Where does European law come from and what is it for? This is something that is regularly debated and argued over in the abstract, as a theoretical notion. Here is an opportunity to take a specific and detailed example.
Since Monday 18 September, it has been a legal requirement for small children to sit on booster seats in cars rather than just on the same seats that adults use. This is a road safety measure arising from an EU directive (2003/20/EC). It caught the news after an article of outrage by our friend Boris Johnson in the Daily Telegraph (read it here).
His complaints are twofold. First, he thinks that this is an unnecessary law, an uninvited intrusion into how parents look after their own children. Secondly, he objects to the fact that it originated in the EU and was not discussed properly by Westminster. How wrong, how wrong.
First, unnecessary. That’s not what the experts on road safety say. The seatbelts fitted in cars are designed for adults. Children are smaller and lighter and still growing: they need a different kind of protection. The booster seat law is an improvement on the seatbelt law and will save lives and prevent injuries. There is a libertarian argument against laws of this kind, in that adults should be free to take their own decisions about the risks they want to take, but can that argument really be extended to how adults treat children? In any case, the consensus of the nation is in favour of this kind of law.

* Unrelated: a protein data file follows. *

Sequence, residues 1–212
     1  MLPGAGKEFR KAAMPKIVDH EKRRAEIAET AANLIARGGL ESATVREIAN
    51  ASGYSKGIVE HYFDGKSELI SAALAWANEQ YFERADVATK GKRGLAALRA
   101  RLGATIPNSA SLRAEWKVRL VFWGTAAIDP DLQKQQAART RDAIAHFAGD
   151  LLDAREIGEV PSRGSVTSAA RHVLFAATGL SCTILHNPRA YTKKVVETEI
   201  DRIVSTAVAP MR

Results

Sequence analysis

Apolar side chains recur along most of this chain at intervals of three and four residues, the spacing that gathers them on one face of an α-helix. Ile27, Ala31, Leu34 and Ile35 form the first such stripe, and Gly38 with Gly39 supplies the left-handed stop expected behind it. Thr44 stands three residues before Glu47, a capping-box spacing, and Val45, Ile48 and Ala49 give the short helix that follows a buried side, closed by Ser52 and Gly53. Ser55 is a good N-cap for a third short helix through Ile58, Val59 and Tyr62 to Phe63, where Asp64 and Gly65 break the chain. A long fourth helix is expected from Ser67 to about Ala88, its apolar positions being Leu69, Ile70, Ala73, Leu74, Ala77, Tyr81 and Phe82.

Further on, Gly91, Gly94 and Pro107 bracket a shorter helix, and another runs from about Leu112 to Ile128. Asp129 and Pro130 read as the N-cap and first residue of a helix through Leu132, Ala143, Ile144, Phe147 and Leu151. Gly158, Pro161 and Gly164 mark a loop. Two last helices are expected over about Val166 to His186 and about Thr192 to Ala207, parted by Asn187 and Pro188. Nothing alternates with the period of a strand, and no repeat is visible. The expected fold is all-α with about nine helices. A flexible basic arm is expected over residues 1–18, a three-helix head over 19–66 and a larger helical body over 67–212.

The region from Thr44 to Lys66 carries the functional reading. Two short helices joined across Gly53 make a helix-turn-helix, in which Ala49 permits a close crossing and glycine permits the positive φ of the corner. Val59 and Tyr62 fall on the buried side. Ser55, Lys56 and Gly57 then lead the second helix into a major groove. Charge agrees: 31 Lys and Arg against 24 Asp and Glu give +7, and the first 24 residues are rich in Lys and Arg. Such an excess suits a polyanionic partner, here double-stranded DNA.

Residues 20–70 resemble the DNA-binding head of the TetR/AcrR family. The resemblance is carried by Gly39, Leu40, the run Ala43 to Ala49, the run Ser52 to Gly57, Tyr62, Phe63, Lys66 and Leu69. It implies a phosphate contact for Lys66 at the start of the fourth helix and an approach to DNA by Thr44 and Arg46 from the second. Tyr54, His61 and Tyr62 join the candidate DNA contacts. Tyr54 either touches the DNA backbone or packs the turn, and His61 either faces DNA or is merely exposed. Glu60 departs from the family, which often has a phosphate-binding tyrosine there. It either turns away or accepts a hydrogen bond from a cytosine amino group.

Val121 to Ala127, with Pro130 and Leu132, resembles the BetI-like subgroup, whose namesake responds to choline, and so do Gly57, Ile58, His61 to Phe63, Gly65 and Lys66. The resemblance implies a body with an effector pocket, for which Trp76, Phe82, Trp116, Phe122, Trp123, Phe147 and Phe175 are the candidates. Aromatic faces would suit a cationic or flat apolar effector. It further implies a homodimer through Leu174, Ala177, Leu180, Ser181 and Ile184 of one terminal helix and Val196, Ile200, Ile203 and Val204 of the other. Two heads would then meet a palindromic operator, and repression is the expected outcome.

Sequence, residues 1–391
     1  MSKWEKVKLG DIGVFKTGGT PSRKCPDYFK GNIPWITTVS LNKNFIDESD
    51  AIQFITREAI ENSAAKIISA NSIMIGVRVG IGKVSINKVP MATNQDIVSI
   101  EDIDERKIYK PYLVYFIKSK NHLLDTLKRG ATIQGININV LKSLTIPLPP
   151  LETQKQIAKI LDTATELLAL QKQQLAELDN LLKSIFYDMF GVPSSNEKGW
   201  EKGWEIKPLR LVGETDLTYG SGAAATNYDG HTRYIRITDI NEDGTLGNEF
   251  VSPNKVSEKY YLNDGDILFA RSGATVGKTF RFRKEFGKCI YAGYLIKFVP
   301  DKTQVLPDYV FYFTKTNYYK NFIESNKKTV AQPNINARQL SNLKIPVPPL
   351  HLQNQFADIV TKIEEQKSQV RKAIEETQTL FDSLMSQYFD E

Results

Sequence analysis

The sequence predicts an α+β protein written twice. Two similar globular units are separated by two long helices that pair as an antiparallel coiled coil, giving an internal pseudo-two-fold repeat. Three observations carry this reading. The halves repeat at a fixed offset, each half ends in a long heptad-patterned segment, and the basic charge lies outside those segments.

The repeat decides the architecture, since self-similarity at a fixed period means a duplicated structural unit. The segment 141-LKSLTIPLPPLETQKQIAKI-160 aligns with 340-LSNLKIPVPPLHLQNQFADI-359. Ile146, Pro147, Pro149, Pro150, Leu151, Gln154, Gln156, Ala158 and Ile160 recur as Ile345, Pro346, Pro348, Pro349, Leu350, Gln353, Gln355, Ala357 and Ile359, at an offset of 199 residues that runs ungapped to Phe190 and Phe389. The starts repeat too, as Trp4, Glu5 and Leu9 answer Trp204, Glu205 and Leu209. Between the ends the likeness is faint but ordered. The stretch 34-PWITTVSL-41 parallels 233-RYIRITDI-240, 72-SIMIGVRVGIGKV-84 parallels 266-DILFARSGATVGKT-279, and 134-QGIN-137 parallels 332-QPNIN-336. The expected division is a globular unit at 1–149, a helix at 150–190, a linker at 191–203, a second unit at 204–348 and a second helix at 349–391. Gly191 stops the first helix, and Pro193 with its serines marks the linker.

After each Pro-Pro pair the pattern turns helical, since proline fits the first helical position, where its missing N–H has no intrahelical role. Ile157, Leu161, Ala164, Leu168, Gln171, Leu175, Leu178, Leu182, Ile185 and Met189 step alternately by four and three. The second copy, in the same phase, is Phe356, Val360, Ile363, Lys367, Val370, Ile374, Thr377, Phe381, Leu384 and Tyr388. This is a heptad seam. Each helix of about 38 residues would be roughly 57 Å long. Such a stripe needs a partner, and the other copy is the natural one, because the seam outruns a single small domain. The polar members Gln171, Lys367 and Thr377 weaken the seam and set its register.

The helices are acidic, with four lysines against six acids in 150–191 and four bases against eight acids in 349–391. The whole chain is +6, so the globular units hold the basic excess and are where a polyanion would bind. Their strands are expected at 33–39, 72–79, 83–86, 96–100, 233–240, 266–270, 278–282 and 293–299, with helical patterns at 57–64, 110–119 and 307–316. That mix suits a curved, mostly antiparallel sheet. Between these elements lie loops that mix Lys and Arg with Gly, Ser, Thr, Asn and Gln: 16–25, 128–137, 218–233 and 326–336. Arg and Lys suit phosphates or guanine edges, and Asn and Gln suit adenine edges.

That is shown by the second complaint, that Westminster did not discuss it properly. Come with me to the meeting of the Fourth Standing Committee on Delegated Legislation held on Wednesday 5 July 2006. We find that it was discussing the Draft Motor Vehicles (Wearing of Seat Belts) (Amendment) Regulations 2006. The minister explained that this proposal arose from the EU directive, all was quite clear. The Conservative and Liberal Democrat spokesmen welcomed the new regulations, Owen Paterson for the Conservatives expressing some reservations about some of the practical aspects of the implementation.
Boris Johnson complains that the measure was not discussed by a European Standing Committee. Surely it is better discussed by a committee that specialises in transport. Tory and Lib Dem spokesmen Owen Paterson and Alistair Carmichael are shadow ministers on the issue. The European Standing Committees are composed of generalists, not specialists. The content of the regulation matters more than its origin. This is the right way to deal with European legislation, not the wrong way.
Lastly, I have to comment on Boris Johnson’s freelance policy-making. He wants Westminster to have the power “to refuse to accept directives even if they are decided at a majority vote.” That would mean leaving the single market: there is no chance that all the other member states would agree to grant the UK this right any other way.
And, on the subject of the booster seats themselves, he writes that “it should surely be a matter for individual choice and not international coercion.” His front-bench colleague Owen Paterson, actually in charge on this issue, said to the contrary, “the aim of the directive is wholly admirable: to reduce injuries and deaths among children travelling on our roads.” I think that shows what to make of Boris Johnson’s contribution to the development of Tory policy.